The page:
The water contamination that has triggered the shutdown of five public water wells in Gloucester County has been found at even higher levels in several private wells.

Tests commissioned by the company believed responsible for the spread of perfluorononanoic acid (PFNA) show that some private wells in West Deptford used for drinking water have concentrations of the chemical higher than what was found in Paulsboro's public supply.

A state Department of Environmental Protection report has described Paulsboro's levels as "higher than reported elsewhere in the world" in drinking water studies.

One private well in West Deptford was found to have PFNA at a level 10 times higher than the 150 parts per trillion detected in Paulsboro, according to results obtained by The Inquirer through an open public records request.

Another well in West Deptford was found to contain 640 parts per trillion of PFNA.

Solvay Specialty Polymers, a West Deptford plastics company, announced late last month that the results of private well tests showed that only seven of the 50 wells examined thus far in the township and in East Greenwich had "quantifiable levels" of PFNA. But the company refused to publicly release the wells' levels.

"They were keeping from the public some startling results," said Tracy Carluccio, deputy director of the Delaware Riverkeeper Network. "This really makes it clear that we have a very serious pollution problem that's affecting individual homeowners."

The company, which had cited residents' privacy when declining to provide the levels, did not return requests for comment Tuesday. The DEP redacted addresses when supplying the figures.

Experts say the exact health effects of PFNA remain unclear due to a paucity of studies. A scientific panel that studied perfluorooctanoic acid (PFOA), a sibling chemical, found "probable links" to illnesses including kidney cancer and thyroid disease. PFNA is considered more toxic and biologically persistent than PFOA.

Perry Cohn, a retired state Department of Health researcher and former member of the state Drinking Water Quality Institute, said he was surprised to see the levels found in the private wells.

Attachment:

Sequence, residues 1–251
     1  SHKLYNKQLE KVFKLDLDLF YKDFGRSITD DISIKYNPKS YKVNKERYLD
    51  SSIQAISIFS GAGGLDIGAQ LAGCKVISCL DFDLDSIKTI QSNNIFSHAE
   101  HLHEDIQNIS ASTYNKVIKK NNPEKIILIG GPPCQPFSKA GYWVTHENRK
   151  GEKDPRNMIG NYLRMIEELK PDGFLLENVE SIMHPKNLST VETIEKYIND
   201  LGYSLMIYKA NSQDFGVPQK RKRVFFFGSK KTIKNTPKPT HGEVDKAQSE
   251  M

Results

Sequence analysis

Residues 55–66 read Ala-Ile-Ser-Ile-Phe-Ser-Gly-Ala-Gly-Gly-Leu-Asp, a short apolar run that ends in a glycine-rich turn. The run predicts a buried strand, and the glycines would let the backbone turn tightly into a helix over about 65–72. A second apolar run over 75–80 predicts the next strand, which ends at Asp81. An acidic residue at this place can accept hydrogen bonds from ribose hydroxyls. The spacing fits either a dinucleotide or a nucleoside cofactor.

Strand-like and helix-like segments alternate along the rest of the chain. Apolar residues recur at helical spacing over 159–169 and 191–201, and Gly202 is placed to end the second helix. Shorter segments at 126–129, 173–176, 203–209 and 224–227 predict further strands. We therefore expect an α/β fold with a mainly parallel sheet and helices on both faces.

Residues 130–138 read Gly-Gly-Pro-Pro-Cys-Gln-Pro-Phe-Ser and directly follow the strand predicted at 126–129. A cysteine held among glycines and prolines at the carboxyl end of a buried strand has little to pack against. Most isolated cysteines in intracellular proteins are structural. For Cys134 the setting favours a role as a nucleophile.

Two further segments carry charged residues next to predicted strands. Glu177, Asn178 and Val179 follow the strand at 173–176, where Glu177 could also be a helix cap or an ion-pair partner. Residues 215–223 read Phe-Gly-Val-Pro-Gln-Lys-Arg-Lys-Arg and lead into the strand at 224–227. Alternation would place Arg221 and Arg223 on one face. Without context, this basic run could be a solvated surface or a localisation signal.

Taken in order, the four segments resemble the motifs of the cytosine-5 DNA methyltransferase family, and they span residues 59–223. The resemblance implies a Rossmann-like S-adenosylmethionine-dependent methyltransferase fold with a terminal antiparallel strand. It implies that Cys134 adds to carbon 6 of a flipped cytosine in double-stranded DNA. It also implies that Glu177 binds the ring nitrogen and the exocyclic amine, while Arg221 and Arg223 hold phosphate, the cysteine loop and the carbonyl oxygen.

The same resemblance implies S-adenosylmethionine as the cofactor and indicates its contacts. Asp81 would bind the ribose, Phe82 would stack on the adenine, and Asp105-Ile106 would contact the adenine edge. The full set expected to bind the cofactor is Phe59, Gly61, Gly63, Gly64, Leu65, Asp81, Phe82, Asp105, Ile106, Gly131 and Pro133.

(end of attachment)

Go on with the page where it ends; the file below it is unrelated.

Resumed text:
"We had not seen a level this high," Cohn said. "People who are drinking that water are going to have a lot of PFNA in their blood."

Given the uncertainties surrounding PFNA, those whose wells were found with the highest levels might consider consulting a physician with a background in environmental toxicology, Cohn said.

West Deptford Township Administrator Brandon Umba said he had been in contact with affected residents, and that they were receiving bottled water offered by Solvay.

"I've been in regular contact with those residents," he said, declining to comment more specifically on the conversations.

A DEP spokesman said Tuesday that remedies for the properties with private wells are being considered - such as extending public water lines or filtration systems to them.

"At this point, residents with affected wells should drink bottled water as longer-term solutions are worked out," Larry Hajna said in an e-mail. "We still need to learn a lot more about the dynamics of how the contamination occurred."

Five towns - Paulsboro, Greenwich, East Greenwich, Woodbury, and West Deptford - have stopped using wells with elevated levels of PFNA. The chemical and related perfluorinated compounds (PFCs) have gained the attention of environmental and health officials in recent months.

The DEP is considering an interim groundwater criterion for PFNA (a proposal calls for a 20 parts per trillion limit). Separately, the Drinking Water Quality Institute, the department's advisory panel, also is working on a health-based maximum contaminant level.

The federal Agency for Toxic Substances and Disease Registry, in partnership with the state Health Department, will also be investigating PFCs in the area, officials said.

PFCs have been used to make water-resistant materials. Solvay has said it stopped using PFNA in 2010.

The company, which is facing lawsuits by Paulsboro residents, has offered bottled water in the borough and to private well owners, but has said its gesture does not indicate culpability. It has also said there could be other sources for the PFNA, which the DEP has acknowledged as possible.